Getting Rid of Indoor Plant Pests
When we bring home a plant, they become a part of the family. We take responsibility for their care, just like children or pets. Plants are a dynamic living entity that can become sick. The chances you might find yourself face to face with indoor plant bugs are high. This is when we might step out of our comfort zone and spend a little more energy taking care of our plants.
Let’s dive into the nitty-gritty of indoor plant pests. When I started working at Great GrowIN’s I was given the task to help manage a living wall for a client. As I started grooming and watering the plants, I noticed tiny white powdery mildew, or white circular spots on the leaves and stems. This is one of many signs that your plants have bugs. There’s no need to panic, plant pests are very common and there are many ways to prevent them.
Here are some ways:
- Before buying or bringing a plant indoors, always check it and it’s container for signs of pests.
- A plant that has been outside for the summer, may likely have pests that have crawled in through the drainage holes. Take the plant out to examine the soil. If you need to repot, use commercially prepared potting soil rather than soil from outdoors.
- Washing smooth-leaved plants every two to three weeks discourages pest infestations, while also improving the appearance of foliage.
In my case, the plants were already being infested with a pest. Although I caught it early, I knew it was going to be a process and could take several weeks or more to get rid of the pests.
Here was my process:
- If only an isolated portion of the plant is infested, remove and destroy the infested parts. If the roots are infested, then take a cutting and start a new plant.
- Early in the process, you can often remove the infestations with a cloth.
- Use a cotton swab that is dipped in rubbing alcohol to wipe off insects.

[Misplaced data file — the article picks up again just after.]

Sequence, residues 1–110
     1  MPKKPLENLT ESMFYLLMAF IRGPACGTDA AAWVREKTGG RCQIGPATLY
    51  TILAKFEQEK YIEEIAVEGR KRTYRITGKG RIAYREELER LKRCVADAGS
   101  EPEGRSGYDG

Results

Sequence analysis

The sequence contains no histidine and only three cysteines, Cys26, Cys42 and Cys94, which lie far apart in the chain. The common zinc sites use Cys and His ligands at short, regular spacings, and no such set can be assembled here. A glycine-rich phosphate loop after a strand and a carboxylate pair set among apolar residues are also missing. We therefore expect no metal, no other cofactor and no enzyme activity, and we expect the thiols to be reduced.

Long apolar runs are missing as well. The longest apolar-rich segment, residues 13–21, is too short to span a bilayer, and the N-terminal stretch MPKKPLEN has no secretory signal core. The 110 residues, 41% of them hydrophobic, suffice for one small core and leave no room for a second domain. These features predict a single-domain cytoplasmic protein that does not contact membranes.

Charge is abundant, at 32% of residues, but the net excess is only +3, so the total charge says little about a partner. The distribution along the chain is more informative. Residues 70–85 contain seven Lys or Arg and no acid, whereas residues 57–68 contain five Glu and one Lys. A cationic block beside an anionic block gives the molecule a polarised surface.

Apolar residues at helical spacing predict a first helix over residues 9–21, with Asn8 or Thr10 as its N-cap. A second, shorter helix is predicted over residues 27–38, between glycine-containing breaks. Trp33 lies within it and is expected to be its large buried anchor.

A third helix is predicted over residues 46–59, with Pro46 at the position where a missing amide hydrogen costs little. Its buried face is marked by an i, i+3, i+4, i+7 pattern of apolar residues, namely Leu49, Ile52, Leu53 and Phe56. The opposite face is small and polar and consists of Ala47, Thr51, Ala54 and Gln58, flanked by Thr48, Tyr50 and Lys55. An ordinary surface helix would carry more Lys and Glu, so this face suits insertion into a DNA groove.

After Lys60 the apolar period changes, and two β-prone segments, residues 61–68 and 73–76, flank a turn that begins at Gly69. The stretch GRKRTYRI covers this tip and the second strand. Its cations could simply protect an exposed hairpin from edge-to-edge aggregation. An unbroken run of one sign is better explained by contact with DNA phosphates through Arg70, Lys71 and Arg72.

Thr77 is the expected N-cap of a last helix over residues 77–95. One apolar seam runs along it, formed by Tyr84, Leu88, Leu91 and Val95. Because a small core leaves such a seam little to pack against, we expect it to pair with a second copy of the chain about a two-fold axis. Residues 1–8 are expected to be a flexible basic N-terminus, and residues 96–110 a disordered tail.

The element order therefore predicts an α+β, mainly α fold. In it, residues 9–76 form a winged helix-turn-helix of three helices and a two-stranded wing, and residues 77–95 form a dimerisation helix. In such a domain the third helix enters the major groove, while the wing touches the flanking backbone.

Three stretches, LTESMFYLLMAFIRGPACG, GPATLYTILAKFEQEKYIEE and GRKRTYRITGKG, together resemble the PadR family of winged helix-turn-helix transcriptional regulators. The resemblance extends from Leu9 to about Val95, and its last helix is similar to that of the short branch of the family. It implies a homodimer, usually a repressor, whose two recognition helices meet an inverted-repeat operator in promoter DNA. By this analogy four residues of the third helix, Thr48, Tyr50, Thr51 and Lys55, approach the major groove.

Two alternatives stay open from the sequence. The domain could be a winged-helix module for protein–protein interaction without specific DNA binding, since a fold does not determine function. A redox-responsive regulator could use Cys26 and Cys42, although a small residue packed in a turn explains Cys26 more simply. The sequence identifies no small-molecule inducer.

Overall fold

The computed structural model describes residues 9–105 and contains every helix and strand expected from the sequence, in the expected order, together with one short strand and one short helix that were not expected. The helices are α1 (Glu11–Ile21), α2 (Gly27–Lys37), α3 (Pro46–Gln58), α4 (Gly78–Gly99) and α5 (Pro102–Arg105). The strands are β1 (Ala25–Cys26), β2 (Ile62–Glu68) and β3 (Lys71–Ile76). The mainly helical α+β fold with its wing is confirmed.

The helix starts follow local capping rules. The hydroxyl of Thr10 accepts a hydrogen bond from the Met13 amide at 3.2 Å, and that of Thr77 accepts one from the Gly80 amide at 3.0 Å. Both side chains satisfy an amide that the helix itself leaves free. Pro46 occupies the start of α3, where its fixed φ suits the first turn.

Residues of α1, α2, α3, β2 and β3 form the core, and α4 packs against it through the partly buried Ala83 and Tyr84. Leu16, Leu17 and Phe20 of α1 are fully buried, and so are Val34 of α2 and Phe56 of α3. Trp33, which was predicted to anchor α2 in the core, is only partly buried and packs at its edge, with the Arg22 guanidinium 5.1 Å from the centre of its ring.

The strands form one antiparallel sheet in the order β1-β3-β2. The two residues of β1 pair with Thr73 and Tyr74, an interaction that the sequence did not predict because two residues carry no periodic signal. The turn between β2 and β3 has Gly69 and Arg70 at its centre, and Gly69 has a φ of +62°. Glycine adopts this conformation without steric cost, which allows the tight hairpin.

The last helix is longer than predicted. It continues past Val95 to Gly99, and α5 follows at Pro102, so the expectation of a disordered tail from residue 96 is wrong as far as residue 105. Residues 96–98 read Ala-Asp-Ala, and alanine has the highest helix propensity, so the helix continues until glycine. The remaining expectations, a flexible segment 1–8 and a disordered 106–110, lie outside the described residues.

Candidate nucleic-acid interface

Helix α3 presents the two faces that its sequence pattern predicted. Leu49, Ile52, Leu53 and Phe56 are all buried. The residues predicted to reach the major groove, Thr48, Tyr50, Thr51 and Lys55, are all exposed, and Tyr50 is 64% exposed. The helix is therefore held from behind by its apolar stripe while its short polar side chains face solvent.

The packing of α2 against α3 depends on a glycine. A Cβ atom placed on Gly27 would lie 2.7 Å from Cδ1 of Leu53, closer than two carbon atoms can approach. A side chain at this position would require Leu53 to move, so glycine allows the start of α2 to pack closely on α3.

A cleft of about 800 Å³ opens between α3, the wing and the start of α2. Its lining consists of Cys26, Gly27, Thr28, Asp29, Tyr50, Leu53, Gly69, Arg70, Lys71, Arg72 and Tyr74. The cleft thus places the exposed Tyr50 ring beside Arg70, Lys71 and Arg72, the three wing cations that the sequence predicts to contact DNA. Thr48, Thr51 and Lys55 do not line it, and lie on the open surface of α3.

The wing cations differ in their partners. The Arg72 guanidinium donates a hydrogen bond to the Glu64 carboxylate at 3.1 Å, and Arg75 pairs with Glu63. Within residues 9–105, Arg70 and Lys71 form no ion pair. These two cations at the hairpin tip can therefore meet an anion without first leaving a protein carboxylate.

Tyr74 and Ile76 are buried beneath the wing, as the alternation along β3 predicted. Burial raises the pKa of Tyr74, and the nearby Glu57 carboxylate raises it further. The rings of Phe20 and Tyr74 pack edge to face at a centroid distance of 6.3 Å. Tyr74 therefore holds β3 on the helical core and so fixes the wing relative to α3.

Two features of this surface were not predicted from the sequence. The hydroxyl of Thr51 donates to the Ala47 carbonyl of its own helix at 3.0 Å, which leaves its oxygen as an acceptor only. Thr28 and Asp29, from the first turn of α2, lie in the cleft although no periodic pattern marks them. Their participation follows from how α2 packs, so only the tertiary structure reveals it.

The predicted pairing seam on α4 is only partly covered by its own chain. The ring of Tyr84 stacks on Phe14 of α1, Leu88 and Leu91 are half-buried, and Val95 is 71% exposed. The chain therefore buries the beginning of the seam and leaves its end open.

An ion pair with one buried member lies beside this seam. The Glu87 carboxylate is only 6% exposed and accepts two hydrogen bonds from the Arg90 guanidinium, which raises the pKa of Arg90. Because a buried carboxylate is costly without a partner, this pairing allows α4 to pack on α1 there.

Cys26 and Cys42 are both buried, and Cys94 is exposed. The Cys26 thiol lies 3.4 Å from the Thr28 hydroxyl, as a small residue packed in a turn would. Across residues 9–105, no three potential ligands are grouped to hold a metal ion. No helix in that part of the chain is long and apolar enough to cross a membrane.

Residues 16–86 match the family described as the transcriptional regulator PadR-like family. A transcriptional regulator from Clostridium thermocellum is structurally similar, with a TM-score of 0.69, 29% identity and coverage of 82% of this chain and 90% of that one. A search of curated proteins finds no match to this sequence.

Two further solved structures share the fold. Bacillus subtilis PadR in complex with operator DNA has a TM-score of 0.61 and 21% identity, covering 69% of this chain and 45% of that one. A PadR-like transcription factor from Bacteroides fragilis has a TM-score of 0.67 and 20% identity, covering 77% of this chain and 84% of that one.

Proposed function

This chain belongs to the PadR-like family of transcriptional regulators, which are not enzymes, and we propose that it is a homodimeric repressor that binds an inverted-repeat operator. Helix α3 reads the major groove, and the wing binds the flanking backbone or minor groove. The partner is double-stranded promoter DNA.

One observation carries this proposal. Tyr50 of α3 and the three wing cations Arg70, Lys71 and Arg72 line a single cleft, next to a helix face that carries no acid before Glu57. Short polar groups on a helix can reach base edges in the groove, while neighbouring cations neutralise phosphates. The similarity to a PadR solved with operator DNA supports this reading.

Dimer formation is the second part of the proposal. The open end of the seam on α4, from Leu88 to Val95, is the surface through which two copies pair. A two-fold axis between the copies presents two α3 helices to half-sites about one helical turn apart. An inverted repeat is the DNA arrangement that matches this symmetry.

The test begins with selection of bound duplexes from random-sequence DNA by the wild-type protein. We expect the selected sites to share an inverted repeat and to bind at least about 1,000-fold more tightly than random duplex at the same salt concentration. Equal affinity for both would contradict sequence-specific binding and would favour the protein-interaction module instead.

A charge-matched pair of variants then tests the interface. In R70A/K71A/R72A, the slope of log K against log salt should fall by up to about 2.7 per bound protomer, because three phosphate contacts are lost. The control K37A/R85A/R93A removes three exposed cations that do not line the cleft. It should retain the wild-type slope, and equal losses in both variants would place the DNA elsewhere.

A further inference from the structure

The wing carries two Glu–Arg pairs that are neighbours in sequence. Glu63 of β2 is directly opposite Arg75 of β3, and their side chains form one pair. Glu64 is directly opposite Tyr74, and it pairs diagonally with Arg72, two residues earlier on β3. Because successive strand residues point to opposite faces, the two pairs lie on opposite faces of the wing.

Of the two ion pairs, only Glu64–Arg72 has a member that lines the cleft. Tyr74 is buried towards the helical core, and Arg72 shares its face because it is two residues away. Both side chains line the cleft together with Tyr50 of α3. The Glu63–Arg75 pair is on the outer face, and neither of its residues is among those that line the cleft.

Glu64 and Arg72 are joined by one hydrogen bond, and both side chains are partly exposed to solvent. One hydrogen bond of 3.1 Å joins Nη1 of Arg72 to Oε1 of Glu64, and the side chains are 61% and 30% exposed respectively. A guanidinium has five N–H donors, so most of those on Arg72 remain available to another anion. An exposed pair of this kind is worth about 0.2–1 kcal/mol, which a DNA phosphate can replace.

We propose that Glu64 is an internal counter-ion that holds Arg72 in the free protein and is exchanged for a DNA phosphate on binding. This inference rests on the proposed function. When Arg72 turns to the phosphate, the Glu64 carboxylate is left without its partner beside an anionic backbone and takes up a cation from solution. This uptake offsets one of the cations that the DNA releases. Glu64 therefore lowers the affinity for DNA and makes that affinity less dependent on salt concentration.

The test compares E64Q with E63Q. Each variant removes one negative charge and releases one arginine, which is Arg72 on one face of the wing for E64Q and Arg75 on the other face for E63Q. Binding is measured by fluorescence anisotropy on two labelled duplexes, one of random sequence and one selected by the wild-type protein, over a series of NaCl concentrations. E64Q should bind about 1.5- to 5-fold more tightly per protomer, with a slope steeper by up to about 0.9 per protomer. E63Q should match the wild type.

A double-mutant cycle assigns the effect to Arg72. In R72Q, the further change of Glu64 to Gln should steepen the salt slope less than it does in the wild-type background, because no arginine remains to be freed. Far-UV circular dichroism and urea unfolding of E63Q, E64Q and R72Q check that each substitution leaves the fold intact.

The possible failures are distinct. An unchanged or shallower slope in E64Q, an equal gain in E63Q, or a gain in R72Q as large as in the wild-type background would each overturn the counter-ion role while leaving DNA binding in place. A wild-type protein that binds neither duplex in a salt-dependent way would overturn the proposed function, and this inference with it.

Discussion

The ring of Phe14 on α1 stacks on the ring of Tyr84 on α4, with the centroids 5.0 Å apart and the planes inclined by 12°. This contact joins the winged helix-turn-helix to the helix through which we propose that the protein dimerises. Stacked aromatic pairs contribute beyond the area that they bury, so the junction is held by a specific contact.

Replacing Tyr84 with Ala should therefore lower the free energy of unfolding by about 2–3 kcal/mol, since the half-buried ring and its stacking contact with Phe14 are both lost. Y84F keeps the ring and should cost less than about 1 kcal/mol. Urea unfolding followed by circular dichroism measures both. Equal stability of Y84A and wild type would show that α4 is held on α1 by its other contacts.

- Spraying the plant with a pesticide, which can be obtained at garden centers. Be sure the label specifies the use.
- If the plant is severely damaged and is not a valuable one, the best solution may be to discard the plant and it’s soil and start with a new plant.
It’s been a couple weeks and I have made progress with my clients’ living wall. I frequently spray it with Garden Insect Killer, while also grooming and cleaning the plant. It’s definitely not an easy progress, but all the plants need is some TLC and after some time it will start to look like a happy plant again!
Other Signs of Indoor Plant Pests
- Aphids / Greenfly / Blackfly – normally hidden under leaves, typically green, but can be black or grey and arrive in small but quickly reproducing colonies
- Centipedes / Millipedes – normally beneficial insects, centipedes will hunt smaller insects and other pests, whereas millipedes will eat organic matter like dropped leaves, which helps turn the matter into useful nutrients for plants. They can be worrying and disturbing to see.
- Mealybugs – cause damage by sucking sap from plants, resembling furry white woodlice.
- Scale Insects – have a hard outer brown shell that locks them in place and are neatly camouflage, sticky honeydew everywhere.
- Sciarid flies / Fungus Gnats – small annoying flies zipping around, eventually find a small colony zipping around the base of your plant. They tend not to harm indoor plants and are more of a nuisance.
- Slug / Snails – usually come from plants that you choose to put outside in the warmer months. However, they are one of the easiest to deal with.
- Springtails – small white or grey insects that live off the decaying organic matter found in soils. They aren’t really pests because they do no damage but their presence often attracts attention when you water. The water triggers the Springtails to go wild.